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Nobody Asked Me, But... No. 148;
Hotel History: The Blennerhassett Hotel (1889), Parkersburg, West Virginia*

By Stanley Turkel, CMHS

The Blennerhassett Hotel opened for business in 1889. It was built by William Chancellor, a prominent Parkersburg businessman, as a majestic showplace that reflected the gaslight era. Grand for its time, the original hotel had 50 guestrooms around a central staircase. Restrooms were located on each of the four floors and the kitchen was located on the fifth floor. It was named after Harman and Margaret Blennerhassett, who settled on an island in the Ohio River in 1798 and built a Palladian mansion where they allowed former Vice President Aaron Burr to use the island as the base of operations for his controversial military operations. Labeled a conspiracy by some, the Blennerhassetts fled down the Ohio River when American militiamen invaded the island.

Parkersburg, West Virginia in many respects epitomizes the river town of the American frontier. Possessing a strategic site at the confluence of two rivers and an abundance of natural resources, Parkersburg has grown from a gateway to the west to a major West Virginia city. From its earliest settlement to its growth in the 20th century, the course of Parkersburg's history has been largely dependent upon the Ohio and Little Kanawha Rivers.

Parkersburg had several significant figures in its history. George Washington not only led an exploratory visit in 1770 but claimed 34,000 acres west of the Alleghenies and pledged to settle in the Ohio River valley should the Revolutionary War be unsuccessful. Alexander Parker, for whom Parkersburg is named, rose to captain during his eight years of service in the Revolutionary War, entitling him to a substantial amount of land in lieu of cash payment.

Today, many of Parkersburg's historic resources are conspicuous by their absence. One is reminded by the vacant lots surrounding some of its largest 19th century structures that the city's center was nearly lost to insensitive urban renewal in recent years. That there are no pre-1820 buildings left in the downtown is an ominous note underscoring the need for landmark preservation of representative buildings from later phases of Parkersburg's development. Nevertheless, its original layout remains intact, with some notable buildings in all sections. The Courthouse and the Blennerhassett Hotel, two particularly significant structures evocative of Parkersburg's varied history, could serve as the dramatic focus of an improved downtown core. Greater awareness and protection of Parkersburg's historic resources should result in an enrichment of the area's self-image and, hopefully, its economy. With the existing adjacent National Register district, the multiple resources of downtown Parkersburg comprise a significant collection of buildings recalling Parkersburg's past as a riverfront town on the American frontier and later, a burgeoning industrial town of the Ohio River Valley.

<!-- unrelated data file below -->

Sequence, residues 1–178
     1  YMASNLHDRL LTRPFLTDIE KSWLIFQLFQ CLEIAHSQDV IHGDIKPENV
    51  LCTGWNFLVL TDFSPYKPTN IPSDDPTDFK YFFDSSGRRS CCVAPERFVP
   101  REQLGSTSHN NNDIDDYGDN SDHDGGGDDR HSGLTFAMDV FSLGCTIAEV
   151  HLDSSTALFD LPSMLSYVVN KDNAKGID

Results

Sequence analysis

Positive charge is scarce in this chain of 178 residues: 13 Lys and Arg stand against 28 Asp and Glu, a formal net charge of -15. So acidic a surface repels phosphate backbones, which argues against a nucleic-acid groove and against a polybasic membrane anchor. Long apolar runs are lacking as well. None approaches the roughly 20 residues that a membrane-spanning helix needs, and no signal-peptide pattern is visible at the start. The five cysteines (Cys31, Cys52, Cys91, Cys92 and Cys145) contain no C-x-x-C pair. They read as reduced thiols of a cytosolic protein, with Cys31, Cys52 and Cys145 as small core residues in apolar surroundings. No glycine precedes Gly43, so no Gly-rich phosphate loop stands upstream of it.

Staying true to the legacy of the Blennerhassett Hotel, many updates and additions have been made over the years, with a full restoration taking place in 1986. Registered on the National Register of Historic Places, the charm of the hotel is seen in the architecture and original antiques that have been part of Blennerhassett from its beginning. In 2003, new European-style decor, gourmet cuisine, and a return to personal service were introduced. The hotel's elegant decor reflects its late-1800s origin, including lavish crown moldings, extravagant light fixtures, a period library, and a third-floor atrium sitting area at the heart of the hotel, bathed in natural sunlight from a skylight two stories above. The hotel's attention to detail carries over to its signature guestrooms and suites, which are outfitted with granite vanities, marble showers, and exquisite linen. But its impeccable staff—attentive, informed and helpful—makes Blennerhassett the place where past and present merge.
*excerpted from my book Built To Last: 100+ Year-Old Hotels East of the Mississippi (AuthorHouse 2013)

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About Stanley Turkel, CMHS

Stanley_Turkel_3.jpgStanley Turkel was designated as the 2014 and 2015 Historian of the Year by Historic Hotels of America, the official program of the National Trust for Historic Preservation. This award is presented to an individual for making a unique contribution in the research and presentation of history and whose work has encouraged a wide discussion, greater understanding and enthusiasm for American History.

Stanley Turkel is one of the most widely-published authors in the hospitality field. Two of his hotel books have been promoted, distributed and sold by the American Hotel & Lodging Educational Institute (Great American Hoteliers: Pioneers of the Hotel Industry and Built To Last: 100+ Year-Old Hotels East of the Mississippi). A third hotel book (Built To Last: 100+ Year-Old Hotels in New York) was called "passionate and informative" by The New York Times. His fourth hotel book was described by The New York Times: "Nostalgia for the City's caravansaries will be kindled by Stanley Turkel's...fact-filled...Hotel Mavens: Lucius M. Boomer, George C. Boldt and Oscar of the Waldorf."


Built to Last: 100+ Year-Old Hotels East of the Mississippi is available for purchase from the publisher by visiting

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